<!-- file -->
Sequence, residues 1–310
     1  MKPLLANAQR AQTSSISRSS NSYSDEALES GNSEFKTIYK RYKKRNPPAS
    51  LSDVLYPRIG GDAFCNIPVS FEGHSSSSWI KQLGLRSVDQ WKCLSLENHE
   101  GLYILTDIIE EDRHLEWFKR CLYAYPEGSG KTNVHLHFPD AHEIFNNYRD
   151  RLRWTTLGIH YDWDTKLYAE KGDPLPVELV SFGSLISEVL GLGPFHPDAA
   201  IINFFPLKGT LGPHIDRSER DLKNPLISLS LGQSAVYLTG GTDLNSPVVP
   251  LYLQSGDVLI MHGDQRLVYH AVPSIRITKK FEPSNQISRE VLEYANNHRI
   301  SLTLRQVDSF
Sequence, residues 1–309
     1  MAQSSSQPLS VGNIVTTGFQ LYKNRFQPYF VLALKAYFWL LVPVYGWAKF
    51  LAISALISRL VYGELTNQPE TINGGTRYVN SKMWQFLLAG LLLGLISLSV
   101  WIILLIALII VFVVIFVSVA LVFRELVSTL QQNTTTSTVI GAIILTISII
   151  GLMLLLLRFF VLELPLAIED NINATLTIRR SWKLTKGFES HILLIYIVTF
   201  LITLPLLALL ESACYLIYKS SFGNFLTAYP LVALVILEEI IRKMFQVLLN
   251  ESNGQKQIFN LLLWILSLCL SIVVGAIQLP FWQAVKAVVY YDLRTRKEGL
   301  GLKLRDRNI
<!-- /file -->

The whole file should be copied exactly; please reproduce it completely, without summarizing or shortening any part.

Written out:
Sequence, residues 1–310
     1  MKPLLANAQR AQTSSISRSS NSYSDEALES GNSEFKTIYK RYKKRNPPAS
    51  LSDVLYPRIG GDAFCNIPVS FEGHSSSSWI KQLGLRSVDQ WKCLSLENHE
   101  GLYILTDIIE EDRHLEWFKR CLYAYPEGSG KTNVHLHFPD AHEIFNNYRD
   151  RLRWTTLGIH YDWDTKLYAE KGDPLPVELV SFGSLISEVL GLGPFHPDAA
   201  IINFFPLKGT LGPHIDRSER DLKNPLISLS LGQSAVYLTG GTDLNSPVVP
   251  LYLQSGDVLI MHGDQRLVYH AVPSIRITKK FEPSNQISRE VLEYANNHRI
   301  SLTLRQVDSF
Sequence, residues 1–309
     1  MAQSSSQPLS VGNIVTTGFQ LYKNRFQPYF VLALKAYFWL LVPVYGWAKF
    51  LAISALISRL VYGELTNQPE TINGGTRYVN SKMWQFLLAG LLLGLISLSV
   101  WIILLIALII VFVVIFVSVA LVFRELVSTL QQNTTTSTVI GAIILTISII
   151  GLMLLLLRFF VLELPLAIED NINATLTIRR SWKLTKGFES HILLIYIVTF
   201  LITLPLLALL ESACYLIYKS SFGNFLTAYP LVALVILEEI IRKMFQVLLN
   251  ESNGQKQIFN LLLWILSLCL SIVVGAIQLP FWQAVKAVVY YDLRTRKEGL
   301  GLKLRDRNI